Long-time Apple foe trying to stop iPhone 13 production

Posted:
in iPhone edited September 2021
A company that launched a lawsuit against Apple's Siri in 2013 has made its next legal move in the saga, and is asking Chinese courts to block the assembly and export of the iPhone -- including the iPhone 13.

Siri's new appearance in iOS 14
Siri's new slimline appearance since iOS 14


ZhiZhen Network Technology fired its latest volley on September 3. The filing includes a request for a preliminary injunction to stop the manufacture, sale, and export of all infringing products, including any and all iPhones.

"Apple should immediately stop the infringement, take down and stop selling the related products," ZhiZhen CEO Yuan Hui said.

Apple has not issued a new statement on the matter. Instead, on Wednesday, the company referred the South China Morning Post to a statement it made in 2020 on the matter.

"Siri does not contain features included in their patent, which relates to games and instant messaging," Apple said in 2020. "Independent appraisers certified by the Supreme People's Court have also concluded that Apple does not infringe Xiao-i Robot's technology."

ZhiZhen Network Technology filed a Chinese patent application for its Xiao i Robot software in 2004, and that that patent was granted in 2006. Like Siri, Xiao i Robot features voice interactions, with the ability to answer questions and hold simple conversations.

The company is not a patent troll, per se. The company released its software for the web, Android, Windows Phone, desktops, and Apple's iOS at one point. The firm maintains claims its technology has more than 100 million users in China, with companies such as China Mobile, China Telecom, and a number of major banks using the technology.

The company filed suit in 2013, after Apple released Siri in China.

Apple tried to invalidate the patent in 2014, but failed to do so. Apple then counter-sued China and Zhi Zhen, but it does not appear to have been given a ruling on the matter.

Apple's first mention of speech recognition and a voice-powered assistant was in a video for its Knowledge Navigator concept in 1987. Siri's core technologies were created by DARPA spin-off SRI International Artificial Intelligence Center in 2003 -- prior to the filing of the patent. Voice recordings were made in 2005. Apple purchased the spin-off that was generated to develop the technology in April 2010.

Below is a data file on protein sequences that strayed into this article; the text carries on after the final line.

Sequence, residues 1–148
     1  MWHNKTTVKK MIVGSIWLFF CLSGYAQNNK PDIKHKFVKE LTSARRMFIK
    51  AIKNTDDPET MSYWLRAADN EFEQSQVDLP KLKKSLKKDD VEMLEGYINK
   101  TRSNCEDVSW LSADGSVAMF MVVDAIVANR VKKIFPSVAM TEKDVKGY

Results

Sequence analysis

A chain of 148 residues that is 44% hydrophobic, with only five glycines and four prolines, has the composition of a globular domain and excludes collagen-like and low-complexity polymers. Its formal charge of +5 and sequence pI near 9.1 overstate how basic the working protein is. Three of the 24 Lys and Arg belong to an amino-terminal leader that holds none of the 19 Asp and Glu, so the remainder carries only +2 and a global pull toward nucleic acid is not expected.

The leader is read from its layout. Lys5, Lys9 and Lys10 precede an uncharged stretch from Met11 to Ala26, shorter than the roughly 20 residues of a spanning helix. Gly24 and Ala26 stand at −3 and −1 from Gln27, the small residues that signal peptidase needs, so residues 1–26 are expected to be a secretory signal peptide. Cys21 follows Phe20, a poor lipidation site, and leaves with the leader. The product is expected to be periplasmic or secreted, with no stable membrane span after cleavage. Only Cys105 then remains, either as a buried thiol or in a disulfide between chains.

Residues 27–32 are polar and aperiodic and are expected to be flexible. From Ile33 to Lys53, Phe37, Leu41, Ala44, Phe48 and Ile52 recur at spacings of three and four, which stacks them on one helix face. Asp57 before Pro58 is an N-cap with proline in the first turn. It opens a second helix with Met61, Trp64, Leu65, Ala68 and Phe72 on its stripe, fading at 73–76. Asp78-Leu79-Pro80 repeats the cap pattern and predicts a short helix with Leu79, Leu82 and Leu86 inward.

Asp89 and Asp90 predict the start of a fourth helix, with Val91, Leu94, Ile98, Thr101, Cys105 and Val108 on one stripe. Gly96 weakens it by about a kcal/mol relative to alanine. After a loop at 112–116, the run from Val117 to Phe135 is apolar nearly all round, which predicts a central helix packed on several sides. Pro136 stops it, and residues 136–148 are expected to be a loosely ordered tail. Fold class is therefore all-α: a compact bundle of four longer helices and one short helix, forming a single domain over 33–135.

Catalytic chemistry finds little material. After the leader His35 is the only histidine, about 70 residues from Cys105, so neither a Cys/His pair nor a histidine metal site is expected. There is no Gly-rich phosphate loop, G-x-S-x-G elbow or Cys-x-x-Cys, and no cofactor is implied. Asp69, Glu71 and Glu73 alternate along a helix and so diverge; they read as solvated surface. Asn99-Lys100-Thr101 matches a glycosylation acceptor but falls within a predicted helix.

Beyond the injunction, ZhiZhen is seeking 10 billion yuan -- about $1.5 billion -- in damages.

Read on AppleInsider

Comments

  • Reply 1 of 12
    Morons 🤦‍♂️
    watto_cobra
  • Reply 2 of 12
    Everyone seems to forget that Apple’s Macs Had Voice recognition built into the OS to control functions going back to 2001 and was even used on iPods. Siri is new, talking to Apple products is 20 years old. 
    radarthekatwatto_cobrawilliamlondon
  • Reply 3 of 12
    sdw2001sdw2001 Posts: 17,930member
    ionicle said:
    Morons 🤦‍♂️

    Unless they have some other purpose (such as increasing name recognition), I agree.  There is zero chance that the Chinese government would approve that remedy.  It would lead to tens of thousands of jobs lost, possibly more if Apple retaliated full-tilt.  Just losing iPhone production alone would be devastating.  Apple would be hurt, but would eventually ramp up production elsewhere in Asia and the United States.  Such a drastic action would no doubt cause Apple to at least consider moving ALL its production out of China.  Then there is the nuclear option...pulling out of China completely.  While it's extremely unlikely, even a threat like that would send shockwaves though the CCP.  
    fotoformatviclauyycwatto_cobra
  • Reply 4 of 12
    jimh2jimh2 Posts: 453member
    genovelle said:
    Everyone seems to forget that Apple’s Macs Had Voice recognition built into the OS to control functions going back to 2001 and was even used on iPods. Siri is new, talking to Apple products is 20 years old. 
    Voice control for Mac’s was functional in the early 1990’s. 
    radarthekatwatto_cobra
  • Reply 5 of 12
    Patent law turns on the specifics of patents. No link was supplied to the patent in question, so I cannot review what they patented. It can't be just voice recognition -- I doubt whether "voice recognition" per se is even patentable. 

    Attempts at voice recognition have been in the works for 50 years and add in language parsing and multi-language recognition even to that. 

    I was programming devices for automatic answering machines back in the 1980's like "Press or say one for ...."

    And the technology behind voice recognition has changed drastically since then. I'm not even clear what can be patentable today that will be relevant 5 years from now. The science and engineering is expanding rapidly. The last thing we need is to have IP stifle needed improvements. 
    Scot1Oferwatto_cobra
  • Reply 6 of 12
    Y'all forget we're talking about China, where the courts regularly ignore all logic and find for the home team.

    It all boils down to whether the Chinese Communist Party would rather punish Apple or placate Apple in an attempt to keep their manufacturing jobs.
  • Reply 7 of 12
    Mike WuertheleMike Wuerthele Posts: 6,568administrator
    genovelle said: